Troops have killed more Afghan civilians than Taliban, says UN
The report highlights that at least 305 civilians have been killed by the forces of the two nations during the first three months of this year, as compared to the 227 people killed by the Taliban and other insurgents
More civilians have been killed by airstrikes carried out by Afghan and US forces than by the Taliban in the first quarter of 2019, as per a United Nations Assistance Mission in Afghanistan (UNAMA) report.
The report highlights that at least 305 civilians have been killed by the forces of the two nations during the first three months of this year, as compared to the 227 people killed by the Taliban and other insurgents.
"UNAMA urges both the Afghan national security forces and international military forces to conduct investigations into allegations of civilian casualties, to publish the results of their findings, and to provide compensation to victims as appropriate," the report states.
The publication comes in the wake of US officials holding a series of talks with the Taliban in Doha, in its bid to bring about peace in the South Asian nation, according to Sputnik. Meanwhile, the report highlights that civilian casualty in 2019's first quarter has reduced by 23 per cent as compared to the casualty figure for the same period last year. UNAMA suggests that this may be due to a decrease in suicide bomb attacks. UNAMA chief Tadamichi Yamamoto expressed alarm at the report's findings, outlining that "all parties must do more to safeguard civilians".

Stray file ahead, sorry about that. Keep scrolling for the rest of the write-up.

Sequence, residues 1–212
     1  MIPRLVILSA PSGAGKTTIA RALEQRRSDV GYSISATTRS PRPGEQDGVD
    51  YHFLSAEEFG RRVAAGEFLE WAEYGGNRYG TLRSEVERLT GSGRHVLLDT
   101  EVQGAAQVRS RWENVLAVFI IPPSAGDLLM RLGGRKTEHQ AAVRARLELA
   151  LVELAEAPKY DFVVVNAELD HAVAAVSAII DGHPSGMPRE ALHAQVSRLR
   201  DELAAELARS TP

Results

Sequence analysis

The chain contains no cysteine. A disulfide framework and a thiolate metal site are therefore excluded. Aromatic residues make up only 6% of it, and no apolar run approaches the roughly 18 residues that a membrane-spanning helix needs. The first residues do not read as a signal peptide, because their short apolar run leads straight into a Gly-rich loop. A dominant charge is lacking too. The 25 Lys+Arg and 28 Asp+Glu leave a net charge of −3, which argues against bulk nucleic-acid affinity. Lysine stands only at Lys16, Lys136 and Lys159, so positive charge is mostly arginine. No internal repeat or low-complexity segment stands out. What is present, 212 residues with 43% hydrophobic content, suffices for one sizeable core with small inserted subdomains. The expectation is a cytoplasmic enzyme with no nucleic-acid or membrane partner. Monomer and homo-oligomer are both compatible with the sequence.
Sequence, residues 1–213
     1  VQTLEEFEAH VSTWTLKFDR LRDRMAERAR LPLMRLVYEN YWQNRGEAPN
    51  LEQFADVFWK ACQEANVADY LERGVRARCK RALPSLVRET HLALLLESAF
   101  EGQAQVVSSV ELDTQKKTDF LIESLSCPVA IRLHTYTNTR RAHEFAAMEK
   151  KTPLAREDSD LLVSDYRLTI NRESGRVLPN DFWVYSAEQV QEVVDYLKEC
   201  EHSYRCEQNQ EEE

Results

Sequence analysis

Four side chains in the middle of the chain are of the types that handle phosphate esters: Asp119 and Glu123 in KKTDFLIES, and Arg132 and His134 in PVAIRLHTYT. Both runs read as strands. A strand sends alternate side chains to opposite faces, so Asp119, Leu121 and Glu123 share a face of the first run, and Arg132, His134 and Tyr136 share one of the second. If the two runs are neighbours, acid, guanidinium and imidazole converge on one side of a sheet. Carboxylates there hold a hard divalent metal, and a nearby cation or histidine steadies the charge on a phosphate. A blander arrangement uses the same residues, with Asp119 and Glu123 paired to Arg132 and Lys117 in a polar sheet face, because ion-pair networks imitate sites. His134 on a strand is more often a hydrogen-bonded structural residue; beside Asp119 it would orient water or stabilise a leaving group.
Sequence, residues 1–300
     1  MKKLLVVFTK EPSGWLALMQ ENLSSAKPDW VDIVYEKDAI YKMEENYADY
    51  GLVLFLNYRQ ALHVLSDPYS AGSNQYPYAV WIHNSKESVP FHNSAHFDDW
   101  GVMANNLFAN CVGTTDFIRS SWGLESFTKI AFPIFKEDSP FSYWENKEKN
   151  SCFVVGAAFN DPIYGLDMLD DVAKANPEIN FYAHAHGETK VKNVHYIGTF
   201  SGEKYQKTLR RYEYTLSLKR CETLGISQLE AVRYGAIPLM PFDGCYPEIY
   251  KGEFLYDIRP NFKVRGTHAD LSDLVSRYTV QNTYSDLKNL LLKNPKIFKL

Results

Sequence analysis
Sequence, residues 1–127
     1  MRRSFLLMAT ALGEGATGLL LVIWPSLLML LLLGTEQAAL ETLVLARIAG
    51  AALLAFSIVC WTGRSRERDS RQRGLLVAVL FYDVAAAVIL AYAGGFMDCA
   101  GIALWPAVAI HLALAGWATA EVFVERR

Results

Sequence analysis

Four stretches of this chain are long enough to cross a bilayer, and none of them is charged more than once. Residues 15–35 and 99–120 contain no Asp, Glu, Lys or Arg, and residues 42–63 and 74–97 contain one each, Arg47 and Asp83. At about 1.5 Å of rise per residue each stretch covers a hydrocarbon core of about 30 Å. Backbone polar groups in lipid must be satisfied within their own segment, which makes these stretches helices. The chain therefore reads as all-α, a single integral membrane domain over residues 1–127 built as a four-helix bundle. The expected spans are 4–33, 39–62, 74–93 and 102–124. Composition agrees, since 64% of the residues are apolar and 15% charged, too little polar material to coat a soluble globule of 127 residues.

UN also in another report stated Bhopal gas tragedy as the world's "major industrial accidents" of 20th century. The 1984 Bhopal gas tragedy which killed thousands of people is among the world's "major industrial accidents" of the 20th century, a UN report has said, warning that 2.78 million workers die from occupational accidents and work-related diseases each year. The report released by the the UN labour agency International Labour Organization (ILO) said in 1984, at least 30 tons of methyl isocyanate gas, which was released from the Union Carbide pesticide plant in the Madhya Pradesh capital, affected more than 600,000 workers and nearby inhabitants.
"The Government figures estimate that there have been 15,000 deaths as a result of the disaster over the years. Toxic material remains and thousands of survivors and their descendants have suffered from respiratory diseases and from damage to internal organs and immune systems," it said. The report titled 'The Safety and Health at the Heart of the Future of Work - Building on 100 years of experience' said the Bhopal disaster was among the world's "major industrial accidents after 1919". Among the other nine major industrial disasters after 1919 listed in the report are the Chernobyl and Fukushima nuclear disasters as well as the Rana Plaza building collapse.
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